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The A.B.C. Murders by Agatha Christie

The A.B.C. Murders (original 1936; edition 1983)

by Agatha Christie

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3,569571,480 (3.77)172
Title:The A.B.C. Murders
Authors:Agatha Christie
Info:BANTAM BOOKS (1983), Hardcover
Collections:Your library
Tags:fiction, murder, anonymous letters, psychology, profiling, cozy mystery

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The A.B.C. Murders by Agatha Christie (1936)



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Showing 1-5 of 48 (next | show all)
I nearly guessed this one. The plot is a little bit of a stretch of the imagination, but an entertaining read nonetheless. ( )
  cazfrancis | Sep 25, 2015 |
The ABC Murders again contain a truly original plot idea from Agatha Christie. The twist at the end is unexpected. Perhaps too unexpected. For the first time in the Poitor series, I wasn't even looking for a particular murderer, since he is so clearly introduced to the reader from the very beginning. It therefore didn't read like a detective's narrative, but rather like a police/crime story.

Amazing to see how Christie keeps on managing to find truly original plot layouts in this amazing Poitor series. ( )
  bbbart | May 30, 2015 |
One of my early Christies, and a good one despite a highly improbable and meticulous plot. Hercule Poirot receives a disturbing letter from an apparent madman, announcing the date and location of a future murder. The writer signs himself "ABC," and when the letter proves to be more than a hoax, an ABC Railway Guide is found next to the body of the murdered woman, Alice Ascher. But A is just the beginning. Betty Barnard is next, and then Sir Carmichael Clarke — and all seemingly for the sole purpose of baiting Poirot to match wits with a homicidal maniac.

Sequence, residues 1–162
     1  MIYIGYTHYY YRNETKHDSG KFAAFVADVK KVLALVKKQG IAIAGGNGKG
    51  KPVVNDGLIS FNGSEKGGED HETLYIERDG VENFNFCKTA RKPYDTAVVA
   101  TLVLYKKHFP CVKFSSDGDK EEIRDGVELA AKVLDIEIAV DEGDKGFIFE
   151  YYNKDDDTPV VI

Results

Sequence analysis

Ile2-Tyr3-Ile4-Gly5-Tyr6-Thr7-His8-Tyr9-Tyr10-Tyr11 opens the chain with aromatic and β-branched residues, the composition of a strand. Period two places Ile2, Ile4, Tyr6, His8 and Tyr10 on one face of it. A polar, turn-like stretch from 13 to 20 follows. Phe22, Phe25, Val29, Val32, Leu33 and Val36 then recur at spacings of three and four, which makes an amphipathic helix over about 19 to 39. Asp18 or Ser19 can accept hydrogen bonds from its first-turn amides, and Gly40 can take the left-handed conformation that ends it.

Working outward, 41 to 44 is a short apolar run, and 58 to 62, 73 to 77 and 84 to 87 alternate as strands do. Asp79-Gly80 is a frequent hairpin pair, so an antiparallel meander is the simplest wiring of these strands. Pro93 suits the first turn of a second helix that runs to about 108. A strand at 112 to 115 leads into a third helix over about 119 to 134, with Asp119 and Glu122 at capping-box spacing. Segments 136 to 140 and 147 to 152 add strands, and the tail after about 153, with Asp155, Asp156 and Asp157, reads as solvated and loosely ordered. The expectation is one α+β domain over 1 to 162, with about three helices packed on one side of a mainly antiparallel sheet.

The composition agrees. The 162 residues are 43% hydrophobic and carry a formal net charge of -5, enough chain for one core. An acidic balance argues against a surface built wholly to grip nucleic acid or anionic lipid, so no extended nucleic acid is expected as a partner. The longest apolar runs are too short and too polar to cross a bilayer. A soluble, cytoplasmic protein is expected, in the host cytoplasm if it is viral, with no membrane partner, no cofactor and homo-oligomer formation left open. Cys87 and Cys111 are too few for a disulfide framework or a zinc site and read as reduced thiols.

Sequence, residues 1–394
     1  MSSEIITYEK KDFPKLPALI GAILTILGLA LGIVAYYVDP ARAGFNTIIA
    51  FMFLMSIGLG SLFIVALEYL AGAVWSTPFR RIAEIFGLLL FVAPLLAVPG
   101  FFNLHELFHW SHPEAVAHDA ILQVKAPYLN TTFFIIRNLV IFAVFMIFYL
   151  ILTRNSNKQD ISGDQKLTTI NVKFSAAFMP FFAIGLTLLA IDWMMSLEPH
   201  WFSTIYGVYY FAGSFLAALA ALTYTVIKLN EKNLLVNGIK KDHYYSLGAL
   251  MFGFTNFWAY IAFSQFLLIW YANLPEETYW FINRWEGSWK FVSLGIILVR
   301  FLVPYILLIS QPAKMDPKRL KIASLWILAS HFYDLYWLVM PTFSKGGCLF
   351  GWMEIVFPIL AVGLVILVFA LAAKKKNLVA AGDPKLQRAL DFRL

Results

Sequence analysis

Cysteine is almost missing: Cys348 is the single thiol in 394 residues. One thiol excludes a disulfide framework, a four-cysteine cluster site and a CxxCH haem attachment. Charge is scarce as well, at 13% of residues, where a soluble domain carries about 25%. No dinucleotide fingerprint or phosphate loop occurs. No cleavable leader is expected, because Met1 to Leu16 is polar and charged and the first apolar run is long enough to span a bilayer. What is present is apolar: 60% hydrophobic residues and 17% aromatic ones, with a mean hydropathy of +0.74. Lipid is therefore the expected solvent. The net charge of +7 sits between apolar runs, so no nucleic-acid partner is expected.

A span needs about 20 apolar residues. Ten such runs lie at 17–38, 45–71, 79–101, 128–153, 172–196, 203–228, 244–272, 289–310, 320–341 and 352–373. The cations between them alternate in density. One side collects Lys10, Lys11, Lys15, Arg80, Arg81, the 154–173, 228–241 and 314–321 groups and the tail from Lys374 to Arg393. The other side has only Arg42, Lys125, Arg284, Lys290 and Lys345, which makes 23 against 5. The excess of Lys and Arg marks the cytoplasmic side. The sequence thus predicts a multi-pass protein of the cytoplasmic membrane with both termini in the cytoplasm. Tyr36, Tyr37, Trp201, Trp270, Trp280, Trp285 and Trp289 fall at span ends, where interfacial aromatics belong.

Some of the characters are a bit one dimensional. The solution to the mystery is rather complicated. There's a big fat red herring so big, fat, and red that it's almost unsporting. But I don't care. Hastings is still humorous, the story moves along at a good clip, the dialogue flows naturally, and of course, Hercule Poirot does his thing. It's just plain entertaining and isn't that why we read Agatha Christie in the first place? Fun stuff. ( )
  wisewoman | Dec 27, 2014 |
Regarded as a classic but definitely not one of y favorite; murders seemingly linked to a British railway guide. ( )
  antiquary | Oct 18, 2014 |
I did know the basic framework of this one but still highly enjoyable. I'm all done with Dama Agatha, though, where will I go next?
  amyem58 | Jul 15, 2014 |
Showing 1-5 of 48 (next | show all)
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» Add other authors (33 possible)

Author nameRoleType of authorWork?Status
Agatha Christieprimary authorall editionsconfirmed
Fraser, HughNarratorsecondary authorsome editionsconfirmed
Suomalainen, AuneTranslatorsecondary authorsome editionsconfirmed
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To James Watts / One of my most sympathetic readers
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In this narrative of mine I have departed from my usual practice of relating only those incidents and scenes at which I myself was present. (Foreword by Captain Arthur Hastings, O.B.E.)
It was in June of 1935 that I came home from my ranch in South America for a stay of about six months.
Crime is terribly revealing. Try and vary your methods as you will, your tastes, your habits, your attitude of mind, and your soul is revealed by your actions. (Hercule Poirot)
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Amazon.com Product Description (ISBN 042513024X, Mass Market Paperback)

When Alice Ascher is murdered in Andover, Hercule Poirot is already on to the clues. Alphabetically speaking, it's one down, twenty-five to go.

(retrieved from Amazon Thu, 12 Mar 2015 18:06:04 -0400)

(see all 6 descriptions)

In one of Christie's most twisted tales, Poirot must navigate the mind of a serial killer as he systematically kills his way through the alphabet.

(summary from another edition)

» see all 13 descriptions

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